Festo supplied two main types of automation components for this machine: CPX terminals providing remote electrical and/or pneumatic valve I/O, or both, and a range of pneumatic cylinders and rotary actuators for movement control. Three distributed fieldbus nodes providing around 200 I/O channels in total are used; one has a mix of analogue and digital I/O and sits in the control rack, the other two are mounted directly on the tool and provide a combination of electrical I/O plus I/O for controlling pneumatic valves, and analogue I/O for interfacing sensors. The pneumatics operate a number of movement functions on the system including six rotary actuators that control shutters in front of the magnetron sources, and custom-stroke cylinders that control the processing chamber doors. All the pneumatic components are sealed units that are lubricated for life - optimised for operation in clean environments.

To further simplify purchasing and the equipment building process, Festo is supplying a number of the parts for the redesigned sputtering system as assembled modules - in the same way as it has done for previous CEVP systems - such as cylinders with brackets and sensors attached. These units are assembled at the Festo system building centre in Northampton, and called-off by CEVP using a single part number, for just-in-time delivery as equipment is constructed.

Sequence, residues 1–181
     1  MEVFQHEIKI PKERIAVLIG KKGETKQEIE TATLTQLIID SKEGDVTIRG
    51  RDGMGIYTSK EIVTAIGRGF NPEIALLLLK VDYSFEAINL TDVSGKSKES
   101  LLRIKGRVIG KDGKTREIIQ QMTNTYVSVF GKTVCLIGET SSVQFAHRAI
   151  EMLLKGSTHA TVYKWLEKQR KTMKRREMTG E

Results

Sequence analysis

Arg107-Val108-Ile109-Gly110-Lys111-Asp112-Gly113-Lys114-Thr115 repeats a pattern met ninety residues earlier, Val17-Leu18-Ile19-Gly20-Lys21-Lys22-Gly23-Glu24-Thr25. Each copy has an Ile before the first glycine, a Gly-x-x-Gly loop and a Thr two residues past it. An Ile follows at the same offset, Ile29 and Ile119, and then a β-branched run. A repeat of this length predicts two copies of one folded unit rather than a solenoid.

'Redeveloping the control architecture to implement networked I/O had the potential to increase the size of our equipment, and the thought behind the design of this combined pneumatics and electrical I/O system from Festo provided us with a compact answer. It's helped us to be first to market with networked control in our sector of the sputtering business', says Ben Jensen, Technical Director at CEVP. 'We build small quantities of extremely complex, high-value equipment, and in addition to high component quality we look for suppliers who can offer us good support. We switched to Festo pneumatics a few years ago because of the technical back-up they could offer, and next-day delivery of components. They've never let us down and we're pleased to continue the relationship with this new equipment model.'

'The compact design of the CPX automation building block system proved to be a catalyst for this OEM, helping them to make the switch to fieldbus connectivity with minimal disruption,' adds Dave Fraser of Festo. 'The hardware costs for this switch to remote I/O work out to within a couple of percent of the previous centralised PLC system - a tiny cost increase that is more than compensated for by savings in wiring and system building labour'.

In addition to equipment building savings, the networked control architecture has given the end users of CEVP's sputtering tool much greater flexibility. The control cabinet that used to be connected to the tool by a large bundle of cables can now be located wherever there is space in the clean room. Upgrading the tool throughout its lifetime, with new thin-film processing functions, will also now be significantly quicker and lower in cost - as connection into the control system requires just a simple tap onto the network and a software upgrade.